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I bought a new Model Y and have been driving it for a few weeks. According to the car, I've consumed about 185 Wh/km over the entire time. However, if I go with the Tesla App's charging stats, it actually works out to 279 Wh/km. If I consider energy as charged rather than as delivered, it's 317 Wh.

My guess is that the extra consumption is from preconditioning, occasional sentry mode, and other vampire losses while parked. It seems that Tesla is not counting consumption when parked, and the app is also not showing charging losses. There really should be an option to see this, since I pay for electricity consumed, not the electricity actually delivered to the car.

Anyway, even with that I'm still paying about 5x less than I would for gas in my previous car.

Has anyone ever done comparisons like this for other cars too? It would be interesting to know the "true" consumption between different models, especially for those living where electricity may be a lot more expensive.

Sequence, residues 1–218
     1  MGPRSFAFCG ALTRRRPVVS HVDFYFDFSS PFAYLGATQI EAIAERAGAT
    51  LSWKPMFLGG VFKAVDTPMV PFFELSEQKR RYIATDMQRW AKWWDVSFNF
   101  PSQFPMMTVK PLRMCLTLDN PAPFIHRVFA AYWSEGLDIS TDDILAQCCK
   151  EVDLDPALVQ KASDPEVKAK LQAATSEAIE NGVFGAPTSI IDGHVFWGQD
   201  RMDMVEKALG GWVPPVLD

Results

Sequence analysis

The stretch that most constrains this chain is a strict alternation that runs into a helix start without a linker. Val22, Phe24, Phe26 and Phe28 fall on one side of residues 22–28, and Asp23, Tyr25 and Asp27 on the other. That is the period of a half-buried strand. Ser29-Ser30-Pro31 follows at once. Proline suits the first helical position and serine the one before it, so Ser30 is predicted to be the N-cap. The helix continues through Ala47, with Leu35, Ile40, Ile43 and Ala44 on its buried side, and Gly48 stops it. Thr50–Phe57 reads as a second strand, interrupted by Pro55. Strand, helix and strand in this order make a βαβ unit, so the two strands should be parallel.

Madsen203

May 26, MYLR, White ext, Black int, Tow, 19”
Jun 1, 2021
782
569
Bay Area
Car states lifetime average driving is 313w/mile where as calculating total power from wall connector comes out to high 400’s due to the things you mentioned + lots of dog mode.

My energy rates vary by season but average to $0.38/kWh. $0.20/mile is still less than gasoline especially if you consider idle time.

I often leave my kiddo in the car sleeping when we get home and set my phone on face time and dog mode on. Parked in the garage this would be impossible with ICE but I’ll gladly pay for it with EV.
 
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Does Cabin protection still take up juice if it doesn't have to activate? I noticed the new energy app still doesn't count climate usage while parked (I guess it doesn't count as preconditioning?) and dumps it in the "other" category.

Being able to use climate without gas fumes is a huge plus though!
 
Does Cabin protection still take up juice if it doesn't have to activate? I noticed the new energy app still doesn't count climate usage while parked (I guess it doesn't count as preconditioning?) and dumps it in the "other" category.

Being able to use climate without gas fumes is a huge plus though!
Cabin Overheat Protection only draws energy when it's enabled and active (i.e. the cabin temp exceeds the temp threshold). It won't turn on when your battery energy drops below 20%.
Model 3 Owner's Manual | Climate Controls
 
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